Johnny Ryan's presentation to the CEO's of Europe's large broadcasters, on the legal risk inherent in their current websites' use of adtech, and how they can join together to use the EU General Data Protection Regulation (GDPR) to grow their businesses, is worthy of a wide audience.
The operation of the hidden personal data processing adtech architecture behind most websites is unlawful. Even though it was largely conceived and deployed surreptitiously, I only hope that history will judge it nothing short of astonishing that we, the general public, technologists, commerce, industry and governments enabled it; and even now continue to do so.
In this regard I also highly recommend Cracked Labs' report on corporate surveillance.
"In recent years, a wide range of companies has started to monitor, track and follow people in virtually every aspect of their lives. The behaviors, movements, social relationships, interests, weaknesses and most private moments of billions are now constantly recorded, evaluated and analyzed in real-time. The exploitation of personal information has become a multi-billion industry. Yet only the tip of the iceberg of today’s pervasive digital tracking is visible; much of it occurs in the background and remains opaque to most of us.
This report by Cracked Labs examines the actual practices and inner workings of this personal data industry. Based on years of research and a previous 2016 report, the investigation shines light on the hidden data flows between companies. It maps the structure and scope of today’s digital tracking and profiling ecosystems and explores relevant technologies, platforms and devices, as well as key recent developments. While the full report is available as PDF download, this web publication presents a ten part overview.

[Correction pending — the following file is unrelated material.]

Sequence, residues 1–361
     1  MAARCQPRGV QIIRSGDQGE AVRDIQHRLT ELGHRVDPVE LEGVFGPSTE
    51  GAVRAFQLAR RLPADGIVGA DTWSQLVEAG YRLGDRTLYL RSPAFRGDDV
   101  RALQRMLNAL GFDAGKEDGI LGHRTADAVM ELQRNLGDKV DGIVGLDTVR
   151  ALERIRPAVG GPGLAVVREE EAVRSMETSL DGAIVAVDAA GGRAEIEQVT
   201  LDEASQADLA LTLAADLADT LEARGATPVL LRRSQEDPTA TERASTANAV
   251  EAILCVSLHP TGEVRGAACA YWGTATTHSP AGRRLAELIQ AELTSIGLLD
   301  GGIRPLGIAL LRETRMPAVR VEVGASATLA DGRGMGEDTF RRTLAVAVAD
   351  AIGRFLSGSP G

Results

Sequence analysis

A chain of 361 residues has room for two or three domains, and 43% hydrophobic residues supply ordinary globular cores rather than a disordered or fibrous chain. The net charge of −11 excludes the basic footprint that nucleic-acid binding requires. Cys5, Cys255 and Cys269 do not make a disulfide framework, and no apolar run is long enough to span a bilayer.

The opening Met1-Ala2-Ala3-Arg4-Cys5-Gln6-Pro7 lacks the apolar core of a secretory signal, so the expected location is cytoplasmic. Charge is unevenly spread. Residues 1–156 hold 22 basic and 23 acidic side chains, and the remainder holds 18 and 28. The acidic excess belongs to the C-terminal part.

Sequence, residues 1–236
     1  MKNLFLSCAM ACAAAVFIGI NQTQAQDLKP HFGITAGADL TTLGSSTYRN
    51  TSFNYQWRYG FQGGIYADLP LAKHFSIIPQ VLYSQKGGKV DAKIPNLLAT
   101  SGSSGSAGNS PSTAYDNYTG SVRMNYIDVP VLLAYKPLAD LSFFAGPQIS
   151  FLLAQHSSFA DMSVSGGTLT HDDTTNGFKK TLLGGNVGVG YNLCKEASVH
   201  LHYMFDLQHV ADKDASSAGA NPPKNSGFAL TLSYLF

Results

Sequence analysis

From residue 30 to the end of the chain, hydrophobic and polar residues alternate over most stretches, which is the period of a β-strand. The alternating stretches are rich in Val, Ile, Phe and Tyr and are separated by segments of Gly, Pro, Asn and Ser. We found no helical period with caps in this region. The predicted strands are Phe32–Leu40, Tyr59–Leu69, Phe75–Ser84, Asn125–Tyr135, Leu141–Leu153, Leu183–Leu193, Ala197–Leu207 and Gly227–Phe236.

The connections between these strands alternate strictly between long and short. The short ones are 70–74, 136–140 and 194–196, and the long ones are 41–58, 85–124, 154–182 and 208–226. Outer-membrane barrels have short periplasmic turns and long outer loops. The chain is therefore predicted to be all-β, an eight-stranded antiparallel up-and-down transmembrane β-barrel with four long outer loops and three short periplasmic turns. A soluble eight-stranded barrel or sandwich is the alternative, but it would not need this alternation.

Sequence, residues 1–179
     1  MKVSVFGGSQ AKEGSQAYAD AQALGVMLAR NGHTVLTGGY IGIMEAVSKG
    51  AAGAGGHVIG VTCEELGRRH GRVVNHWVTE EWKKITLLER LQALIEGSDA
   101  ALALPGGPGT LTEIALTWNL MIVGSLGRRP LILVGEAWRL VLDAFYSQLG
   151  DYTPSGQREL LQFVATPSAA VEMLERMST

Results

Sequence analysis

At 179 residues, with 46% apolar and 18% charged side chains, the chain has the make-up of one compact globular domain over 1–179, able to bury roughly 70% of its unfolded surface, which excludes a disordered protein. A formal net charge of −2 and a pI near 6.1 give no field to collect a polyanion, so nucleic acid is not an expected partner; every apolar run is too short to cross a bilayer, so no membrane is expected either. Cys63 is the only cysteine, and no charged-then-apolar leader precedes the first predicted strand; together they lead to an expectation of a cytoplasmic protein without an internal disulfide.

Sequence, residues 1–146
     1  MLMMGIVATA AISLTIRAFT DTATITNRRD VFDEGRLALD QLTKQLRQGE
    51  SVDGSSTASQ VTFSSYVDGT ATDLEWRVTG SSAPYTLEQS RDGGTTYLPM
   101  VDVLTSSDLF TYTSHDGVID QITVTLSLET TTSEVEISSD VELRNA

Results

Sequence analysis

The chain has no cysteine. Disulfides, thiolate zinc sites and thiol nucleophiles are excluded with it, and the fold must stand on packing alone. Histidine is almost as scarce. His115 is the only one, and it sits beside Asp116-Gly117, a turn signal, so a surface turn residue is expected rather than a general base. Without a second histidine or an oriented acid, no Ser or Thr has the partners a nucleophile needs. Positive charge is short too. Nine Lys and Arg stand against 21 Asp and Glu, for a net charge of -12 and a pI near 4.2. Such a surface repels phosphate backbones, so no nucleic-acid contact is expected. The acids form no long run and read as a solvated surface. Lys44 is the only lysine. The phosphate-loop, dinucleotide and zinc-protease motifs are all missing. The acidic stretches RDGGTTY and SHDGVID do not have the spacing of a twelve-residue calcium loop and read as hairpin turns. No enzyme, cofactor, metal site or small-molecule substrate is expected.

ContentsNetworks of Control by Wolfi Christl and Sarah Spiekermann, a report on corporate surveillance, digital tracking, big data & privacy. Wolfie Christl is the co-founder of Cracked Labs. Sarah Spiekermann chairs the Institute for Management Information Systems at the Vienna University of Economics and Business.
"The collection, analysis and utilization of digital information based on our clicks, swipes, likes, purchases, movements, behaviors and interests have become part of everyday life. While individuals become increasingly transparent, companies take control of the recorded data in a non-transparent and unregulated way.
In their report, Wolfie Christl and Sarah Spiekermann explain how a vast number of companies have started to engage in constant surveillance of the population. Without peoples’ knowledge a network of global players is constantly tracking, profiling, categorizing, rating and affecting the lives of billions – across platforms, devices and life contexts. While special interest groups have been aware of the corporate use of personal data for a while now, the full degree and scale of personal data collection, use and – in particular – abuse has not been scrutinized closely enough. This gap is closed with this book entitled “Networks of Control – A Report on Corporate Surveillance, Digital Tracking, Big Data & Privacy”.
Based on detailed examples “Networks of Control” answers the following questions:
- Who are the players in today’s personal data business? How do online platforms, tech companies and data brokers really collect, share and make use of personal information?
- Which data is recorded by smartphones, fitness trackers, e-readers, smart TVs, connected thermostats and cars? Will the Internet of Things lead to ubiquitous surveillance?
- What can be inferred from our purchases, calls, messages, website visits, web searches and likes?
- How is Big Data analytics already used in fields such as marketing, retail, insurance, finance, healthcare and work to treat us differently?
Their investigation not only exposes the full degree and scale of today’s personal data business, but also shows how algorithmic decisions on people lead to discrimination, exclusion and other social implications. Followed by an ethical reflection on personal data markets the authors present a selection of recommended actions."
- What are the societal and ethical implications of these practices? And how can we move forward?